Drug Paraphernalia Charges in SC: Everything You Need To Know
In the South Carolina Criminal Justice System you can be charged with drug charges like simple possession and possession with intent to distribute in addition to possessing certain accessories that they may be using to handle or consume the drug.
In this article, we’ll discuss:
- How drug paraphernalia is defined by SC law
- The situations in which certain items and devices can be considered paraphernalia in different cases
- Charges that may arise due to the possession of paraphernalia, either along with drug possession or not
What Is Drug Paraphernalia in SC?
Drug paraphernalia, addressed in SC Code Section 44-53-110 part (33) is any device or piece of equipment used in manufacturing, preparing, handling, or consuming any illicit controlled substance.
This (non-exhaustive) list includes:
- Pipes and bowls made of glass and ceramic used for the smoking and consumption of cocaine, crack cocaine, marijuana, methamphetamines, heroin, etc.
- Vials, bags, and other means of storing illicit substances
- Bongs, Carberators, and other means of smoking controlled substances
- Drug cooking or portioning equipment
- Pill bottles
Because the term “paraphernalia” applies only to illicit/illegal substances, the definition can be confusing. While papers used for rolling tobacco are legal, papers used to roll marijuana cigarettes are not, even though the same product is often used for both.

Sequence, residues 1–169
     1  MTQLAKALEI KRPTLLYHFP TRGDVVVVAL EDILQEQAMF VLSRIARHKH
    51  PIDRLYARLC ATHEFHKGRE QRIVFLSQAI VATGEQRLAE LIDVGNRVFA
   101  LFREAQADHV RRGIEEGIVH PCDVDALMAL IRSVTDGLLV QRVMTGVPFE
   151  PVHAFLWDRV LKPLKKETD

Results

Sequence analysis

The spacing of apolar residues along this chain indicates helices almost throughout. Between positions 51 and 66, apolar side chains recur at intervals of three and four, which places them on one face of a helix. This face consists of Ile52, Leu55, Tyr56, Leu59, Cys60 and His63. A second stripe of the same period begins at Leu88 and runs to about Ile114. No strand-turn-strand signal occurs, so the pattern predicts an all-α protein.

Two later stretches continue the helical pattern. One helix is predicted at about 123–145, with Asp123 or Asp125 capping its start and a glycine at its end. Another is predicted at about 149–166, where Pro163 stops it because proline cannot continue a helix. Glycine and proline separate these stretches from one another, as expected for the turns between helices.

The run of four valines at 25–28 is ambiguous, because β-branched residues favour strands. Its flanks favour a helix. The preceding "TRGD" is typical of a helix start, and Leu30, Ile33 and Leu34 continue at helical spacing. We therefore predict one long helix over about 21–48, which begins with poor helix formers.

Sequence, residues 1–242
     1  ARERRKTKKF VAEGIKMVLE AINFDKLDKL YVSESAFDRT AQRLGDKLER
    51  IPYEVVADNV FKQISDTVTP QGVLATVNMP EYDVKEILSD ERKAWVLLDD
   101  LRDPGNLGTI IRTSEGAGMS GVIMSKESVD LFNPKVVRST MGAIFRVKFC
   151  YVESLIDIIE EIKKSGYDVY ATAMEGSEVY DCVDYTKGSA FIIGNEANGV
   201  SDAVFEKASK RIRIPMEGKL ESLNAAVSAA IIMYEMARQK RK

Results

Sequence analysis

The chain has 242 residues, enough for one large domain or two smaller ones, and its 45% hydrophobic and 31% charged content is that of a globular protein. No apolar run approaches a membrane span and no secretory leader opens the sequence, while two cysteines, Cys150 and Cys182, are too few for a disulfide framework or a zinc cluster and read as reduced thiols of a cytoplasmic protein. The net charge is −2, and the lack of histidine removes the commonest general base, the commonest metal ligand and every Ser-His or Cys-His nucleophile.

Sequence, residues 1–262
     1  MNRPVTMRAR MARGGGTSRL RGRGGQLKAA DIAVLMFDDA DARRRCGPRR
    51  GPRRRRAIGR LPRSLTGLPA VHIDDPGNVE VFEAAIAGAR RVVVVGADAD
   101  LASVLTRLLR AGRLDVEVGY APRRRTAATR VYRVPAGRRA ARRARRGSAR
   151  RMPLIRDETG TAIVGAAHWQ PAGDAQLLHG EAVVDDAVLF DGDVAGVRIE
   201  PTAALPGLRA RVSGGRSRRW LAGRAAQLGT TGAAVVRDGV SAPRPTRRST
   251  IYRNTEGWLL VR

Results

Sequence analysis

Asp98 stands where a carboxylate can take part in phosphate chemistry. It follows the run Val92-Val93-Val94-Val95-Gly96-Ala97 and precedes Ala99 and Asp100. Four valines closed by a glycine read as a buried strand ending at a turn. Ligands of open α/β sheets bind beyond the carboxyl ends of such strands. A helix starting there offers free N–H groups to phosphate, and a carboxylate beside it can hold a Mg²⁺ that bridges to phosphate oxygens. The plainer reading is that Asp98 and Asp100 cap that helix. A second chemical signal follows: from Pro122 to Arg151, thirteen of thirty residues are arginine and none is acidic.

South Carolina law hesitates to name every item that could be considered paraphernalia because the range is so wide when it comes to the types of items people are using in conjunction with illegal drugs.
Take, for example, an everyday household item, like a spoon. Under normal circumstances, you wouldn’t be arrested for being found with a spoon in your possession, right? But now, imagine you have a spoon and a bag of heroin was found in your vehicle. Because normal spoons are used to prepare heroin injections, that spoon may then be treated as paraphernalia in the eyes of SC law.
Because the definition of paraphernalia can be so open to interpretation, it often comes down to the specific factors of your drug-related charge to determine if an items is in fact paraphernalia.
What Is Possession of Paraphernalia in SC?
Under SC Code Section 44-53-391, it is illegal to possess or distribute anything proven to be paraphernalia in the court of law. The leverage point for this charge is whether or not the court can prove that the items in your possession are paraphernalia or not, since most items used in handling illicit substances have legal uses as well.
Here are a few ways that a court in South Carolina may attempt to make the case that an item is illegal paraphernalia:
- Toxicology tests or field tests come back positive for traces of a drug on the item in question. For example, if you had a kitchen scale in your house it wouldn’t be considered paraphernalia, but if traces of marijuana were found on the scale, it could be.